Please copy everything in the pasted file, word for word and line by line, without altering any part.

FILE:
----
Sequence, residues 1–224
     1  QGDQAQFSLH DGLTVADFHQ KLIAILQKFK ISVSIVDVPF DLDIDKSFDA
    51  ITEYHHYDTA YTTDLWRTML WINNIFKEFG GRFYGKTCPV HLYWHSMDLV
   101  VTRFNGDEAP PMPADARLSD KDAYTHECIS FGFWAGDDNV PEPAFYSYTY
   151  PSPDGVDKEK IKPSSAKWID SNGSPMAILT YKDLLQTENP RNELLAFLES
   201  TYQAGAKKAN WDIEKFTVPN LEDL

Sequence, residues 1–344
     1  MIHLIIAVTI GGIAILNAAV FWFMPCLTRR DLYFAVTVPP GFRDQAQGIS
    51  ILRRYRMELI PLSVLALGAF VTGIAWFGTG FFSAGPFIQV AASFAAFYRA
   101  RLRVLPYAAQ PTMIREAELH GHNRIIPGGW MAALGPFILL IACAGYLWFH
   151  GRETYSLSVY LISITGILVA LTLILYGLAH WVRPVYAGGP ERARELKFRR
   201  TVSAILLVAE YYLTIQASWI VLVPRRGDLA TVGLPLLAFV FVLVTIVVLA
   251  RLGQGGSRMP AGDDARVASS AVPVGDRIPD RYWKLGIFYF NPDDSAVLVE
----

Sequence, residues 1–224
     1  QGDQAQFSLH DGLTVADFHQ KLIAILQKFK ISVSIVDVPF DLDIDKSFDA
    51  ITEYHHYDTA YTTDLWRTML WINNIFKEFG GRFYGKTCPV HLYWHSMDLV
   101  VTRFNGDEAP PMPADARLSD KDAYTHECIS FGFWAGDDNV PEPAFYSYTY
   151  PSPDGVDKEK IKPSSAKWID SNGSPMAILT YKDLLQTENP RNELLAFLES
   201  TYQAGAKKAN WDIEKFTVPN LEDL

Sequence, residues 1–344
     1  MIHLIIAVTI GGIAILNAAV FWFMPCLTRR DLYFAVTVPP GFRDQAQGIS
    51  ILRRYRMELI PLSVLALGAF VTGIAWFGTG FFSAGPFIQV AASFAAFYRA
   101  RLRVLPYAAQ PTMIREAELH GHNRIIPGGW MAALGPFILL IACAGYLWFH
   151  GRETYSLSVY LISITGILVA LTLILYGLAH WVRPVYAGGP ERARELKFRR
   201  TVSAILLVAE YYLTIQASWI VLVPRRGDLA TVGLPLLAFV FVLVTIVVLA
   251  RLGQGGSRMP AGDDARVASS AVPVGDRIPD RYWKLGIFYF NPDDSAVLVE